6: Creative Commons and Remix

I wasn’t sure what I would uncover when I typed used Creative Commons to search for results related to “poetry,” especially on platforms like feature primarily images or videos rather than written texts, and I was intrigued and in some cases surprised by the results.

The first place I looked was Flickr, where I found the expected photographs of stacks of poetry books, of people reading poetry, or of the word “poetry” featured in some way in graffiti or other art. However, I also found this image freeze me by Flickr user //sugar, of an erasure poem. This caught my eye because erasure poetry is itself a form of remix, in which poets take an existing text and blackout words to make it say something new, and often prompts discussions about attribution, copyright, and the ethical implications of reusing someone else’s work in this way.

Other Flickr uses had posted photography of their handwritten poems, which made me curious about how creative commons applies to this particular situation—are other users free to reuse and modify the actual poem in the image, or just the image of the poem itself?

Results from platforms focused primarily on audio and video sharing were often performances of spoken word poetry, sometimes edited to include sound effects or musical backing. Searching YouTube, I also found this video, a mini-lecture on Phillis Wheatley’s work. I thought this was particularly interesting because while there is plenty of educational content available for free on YouTube, most of it does not have a creative commons license, meaning it can’t be reused and remixed. This mini-lecture, on the other hand, could be transformed into other projects, and I wonder what kind of opportunities that might open up for educational video content.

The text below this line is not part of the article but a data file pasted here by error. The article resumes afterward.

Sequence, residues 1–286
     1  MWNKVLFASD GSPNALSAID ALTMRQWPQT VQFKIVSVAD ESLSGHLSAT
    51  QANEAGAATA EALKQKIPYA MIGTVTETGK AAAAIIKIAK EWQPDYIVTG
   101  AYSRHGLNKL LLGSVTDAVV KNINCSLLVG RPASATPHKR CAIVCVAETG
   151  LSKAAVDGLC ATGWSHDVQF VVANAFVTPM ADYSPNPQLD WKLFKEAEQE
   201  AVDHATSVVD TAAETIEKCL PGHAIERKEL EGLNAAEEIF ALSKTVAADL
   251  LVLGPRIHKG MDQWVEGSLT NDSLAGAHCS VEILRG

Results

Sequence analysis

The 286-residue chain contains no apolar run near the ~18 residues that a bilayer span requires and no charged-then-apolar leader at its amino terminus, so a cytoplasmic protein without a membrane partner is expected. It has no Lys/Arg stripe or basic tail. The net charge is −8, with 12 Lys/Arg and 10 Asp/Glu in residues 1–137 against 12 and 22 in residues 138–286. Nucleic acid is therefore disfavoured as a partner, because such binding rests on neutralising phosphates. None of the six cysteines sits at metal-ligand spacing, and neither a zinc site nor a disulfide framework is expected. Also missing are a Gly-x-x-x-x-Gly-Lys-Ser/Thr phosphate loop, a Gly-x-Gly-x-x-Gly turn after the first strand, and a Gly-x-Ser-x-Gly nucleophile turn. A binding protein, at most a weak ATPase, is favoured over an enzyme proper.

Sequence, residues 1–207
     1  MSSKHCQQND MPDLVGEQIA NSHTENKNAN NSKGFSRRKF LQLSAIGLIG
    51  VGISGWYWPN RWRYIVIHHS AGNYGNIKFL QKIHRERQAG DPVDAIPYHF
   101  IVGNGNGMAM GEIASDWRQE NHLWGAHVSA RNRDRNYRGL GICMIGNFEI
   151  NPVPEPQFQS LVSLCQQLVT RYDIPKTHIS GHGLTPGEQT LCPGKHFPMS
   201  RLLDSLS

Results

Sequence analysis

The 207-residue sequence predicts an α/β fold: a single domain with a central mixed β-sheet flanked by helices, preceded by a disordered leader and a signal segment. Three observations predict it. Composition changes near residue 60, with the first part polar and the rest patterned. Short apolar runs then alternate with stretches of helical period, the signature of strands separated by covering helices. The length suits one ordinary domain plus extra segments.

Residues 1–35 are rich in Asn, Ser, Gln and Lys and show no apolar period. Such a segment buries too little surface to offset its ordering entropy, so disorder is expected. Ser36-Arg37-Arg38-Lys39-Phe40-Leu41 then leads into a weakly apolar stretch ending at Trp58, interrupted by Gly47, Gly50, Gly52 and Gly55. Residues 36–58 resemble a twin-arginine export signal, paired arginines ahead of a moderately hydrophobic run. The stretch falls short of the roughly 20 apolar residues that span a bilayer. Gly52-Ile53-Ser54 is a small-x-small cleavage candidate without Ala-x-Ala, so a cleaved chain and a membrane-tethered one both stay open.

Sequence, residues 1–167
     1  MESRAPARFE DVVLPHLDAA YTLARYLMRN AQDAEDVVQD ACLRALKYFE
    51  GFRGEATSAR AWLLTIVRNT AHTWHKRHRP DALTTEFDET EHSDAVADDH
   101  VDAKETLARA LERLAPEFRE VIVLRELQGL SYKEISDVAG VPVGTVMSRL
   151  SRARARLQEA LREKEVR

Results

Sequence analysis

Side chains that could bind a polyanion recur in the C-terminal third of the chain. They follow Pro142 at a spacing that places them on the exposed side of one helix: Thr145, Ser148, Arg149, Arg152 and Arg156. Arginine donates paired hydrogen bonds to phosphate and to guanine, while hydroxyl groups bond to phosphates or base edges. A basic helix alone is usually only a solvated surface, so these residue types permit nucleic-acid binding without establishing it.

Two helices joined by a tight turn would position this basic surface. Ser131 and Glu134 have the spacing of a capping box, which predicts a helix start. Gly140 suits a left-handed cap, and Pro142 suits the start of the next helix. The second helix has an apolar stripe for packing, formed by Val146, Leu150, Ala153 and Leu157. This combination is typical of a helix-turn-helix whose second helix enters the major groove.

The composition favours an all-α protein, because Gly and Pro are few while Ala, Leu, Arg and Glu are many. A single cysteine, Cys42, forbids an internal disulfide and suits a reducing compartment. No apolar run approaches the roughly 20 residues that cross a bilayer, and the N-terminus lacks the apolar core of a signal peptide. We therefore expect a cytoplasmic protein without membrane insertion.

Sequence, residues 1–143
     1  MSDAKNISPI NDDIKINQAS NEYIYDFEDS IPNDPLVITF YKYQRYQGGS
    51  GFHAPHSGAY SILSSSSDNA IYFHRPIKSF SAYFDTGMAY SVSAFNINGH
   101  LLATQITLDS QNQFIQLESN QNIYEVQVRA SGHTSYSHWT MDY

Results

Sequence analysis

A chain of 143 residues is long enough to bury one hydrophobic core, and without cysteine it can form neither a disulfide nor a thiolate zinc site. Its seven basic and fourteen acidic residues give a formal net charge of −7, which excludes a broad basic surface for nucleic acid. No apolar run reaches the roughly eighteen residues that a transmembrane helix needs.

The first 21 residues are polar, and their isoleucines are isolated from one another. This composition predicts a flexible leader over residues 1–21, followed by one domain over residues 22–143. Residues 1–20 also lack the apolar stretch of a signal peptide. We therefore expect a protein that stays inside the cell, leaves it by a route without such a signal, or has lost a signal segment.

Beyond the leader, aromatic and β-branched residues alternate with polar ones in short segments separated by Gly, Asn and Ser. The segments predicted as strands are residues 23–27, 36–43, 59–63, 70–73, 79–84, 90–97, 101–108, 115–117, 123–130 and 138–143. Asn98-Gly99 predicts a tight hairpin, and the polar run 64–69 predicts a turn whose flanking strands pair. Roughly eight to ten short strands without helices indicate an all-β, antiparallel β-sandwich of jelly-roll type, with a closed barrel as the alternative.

Overall, I think Creative Commons is an effective way to address some of the issues surrounding remix; it provides a way for creators to clearly mark content that is available for reuse and to find content that they can freely repurpose without fearing legal repercussions. Partnering with existing media-sharing platforms and including a way to search these platforms makes this easy and convenient for creators, encouraging them to use work with a creative commons license rather than appropriating copyrighted work.

As with anything, though, it does present problems of its own. The content available may be limited or low-quality; it might create an environment where creators feel pressured to make their work available for free, something that is simply not sustainable for artists who are trying to make a living from their work. Additionally, I wonder how the format of creative commons interacts with a form of remix such as reappropriation—are there social and political critiques or statements that can only be made using copyrighted material, something that wasn’t intended to be taken out of its original context and reused?

It’d be nice if Creative Commons was a comprehensive solution to the problems of attribution and copyright surrounding remix culture, but I don’t think it is—I don’t think anything can be; these problems are complex, and no one thing is going to completely solve them.